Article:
I mean that in a good way. A very good way.
It was almost like taking a vacation.
We were worried about transporting Tom's mother after her amputation. She's been moved to a skilled nursing section where she lives but hasn't been to our house since all that happened.
We went to visit her on Thanksgiving morning and she was so mournful (not in words, but attitude) that we made renewed efforts to figure out how to get her home for Thanksgiving dinner. It wasn't easy, but it was do-able so Mom came home for a couple of hours, which was all she could manage.
She was so happy to get out and watch the cooking and have a home cooked meal. I haven't seen her eat so much for a long, long time. It made us very happy just to see her face at the table. We will definitely be bringing her home again soon for a visit.
On other fronts, all went quite well. The Sweet Potato Casserole with Pecan Crumble was simply amazing. Rose loved the ginger. I loved the nutmeg. We may be working on adapting it to pie form soon.
I got tons of reading done. It helped that my pal, DJ, had just lent me Midshipman's Hope and Challenger's Hope by David Feintuch (my comments at links). I like military science fiction and, although the first book began slowly, I was soon caught up in the adventures of a young midshipman when a fatal accident thrusts him into leadership.
I didn't get to listen to Patient Zero as much as I'd hoped (my comments here), which left me eking out bits and pieces of the final showdown as I washed dishes or swept the floor. I'm still eking ... this feels like the longest, slow motion finale in history. One of the things I love about this book is the hands-down patriotism of the main character, Joe Ledger. That made it perfect for Thanksgiving weekend when all-American seemed the way to be.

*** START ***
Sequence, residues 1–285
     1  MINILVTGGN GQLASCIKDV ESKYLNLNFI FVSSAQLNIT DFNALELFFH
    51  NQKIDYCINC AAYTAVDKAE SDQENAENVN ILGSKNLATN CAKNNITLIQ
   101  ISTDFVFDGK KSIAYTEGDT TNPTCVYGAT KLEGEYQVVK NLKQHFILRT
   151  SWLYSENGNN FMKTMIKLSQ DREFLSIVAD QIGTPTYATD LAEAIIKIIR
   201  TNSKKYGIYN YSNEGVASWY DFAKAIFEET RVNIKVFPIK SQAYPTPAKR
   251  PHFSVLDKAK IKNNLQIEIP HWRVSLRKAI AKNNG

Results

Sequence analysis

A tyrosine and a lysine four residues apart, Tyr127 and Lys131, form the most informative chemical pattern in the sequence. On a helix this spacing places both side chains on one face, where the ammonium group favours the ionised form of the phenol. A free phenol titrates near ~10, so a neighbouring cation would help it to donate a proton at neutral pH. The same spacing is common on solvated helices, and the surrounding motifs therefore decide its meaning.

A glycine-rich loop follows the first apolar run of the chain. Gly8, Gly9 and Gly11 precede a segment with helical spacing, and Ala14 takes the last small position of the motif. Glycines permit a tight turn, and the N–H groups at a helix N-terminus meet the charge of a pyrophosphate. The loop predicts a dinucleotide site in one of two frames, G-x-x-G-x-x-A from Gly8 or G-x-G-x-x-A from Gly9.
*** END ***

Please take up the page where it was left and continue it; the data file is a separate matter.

That all-American bent was reinforced when we watched Captain America. Loved it! Solidly old school patriotism, the way it would have been in the original comic books, and a straight forward story line. In many ways, it made us think of another family favorite, Sky Captain and the World of Tomorrow.
Rose and I also watched Tokyo Godfathers, both as a kick-off to the Christmas season and because Scott and I will be discussing it this week on A Good Story is Hard to Find. I forgot just how many funny moments this anime has ...
Other movie watching included Monsters, which Rose had heard good things about and which I had on my list for some time. Sadly it struck us much like Schultze Gets the Blues ... potential and story idea were good but it needed other input (or something) because the story just meandered and nothing much really happened. The one thing that seemed quite clear was that it was an allegory about illegal immigration. Turns out that wasn't the intention of the British writer and director, but that doesn't matter because anyone living in Mexico or the southern U.S. is going to see it loud and clear. I did like the monsters. They were creative and fascinating. Hannah says that the way their life cycle was discussed was exactly the way something like that would happen and she also pointed out that it was a typical "invasive species" story. That's what happens when you watch things with Wildlife Management Sciences majors.
The best movie of the weekend, though, was Gone Baby Gone. This was everything that critics said. Ben Affleck's directing was superb and surprising considering that it is the first movie he's directed. Casey Affleck's acting was subtle and right on target. The supporting cast was wonderful as well. The story was morally grounded and made me want to look for Dennis Lehane's books, as this was based on one of his. All round a wonderful movie.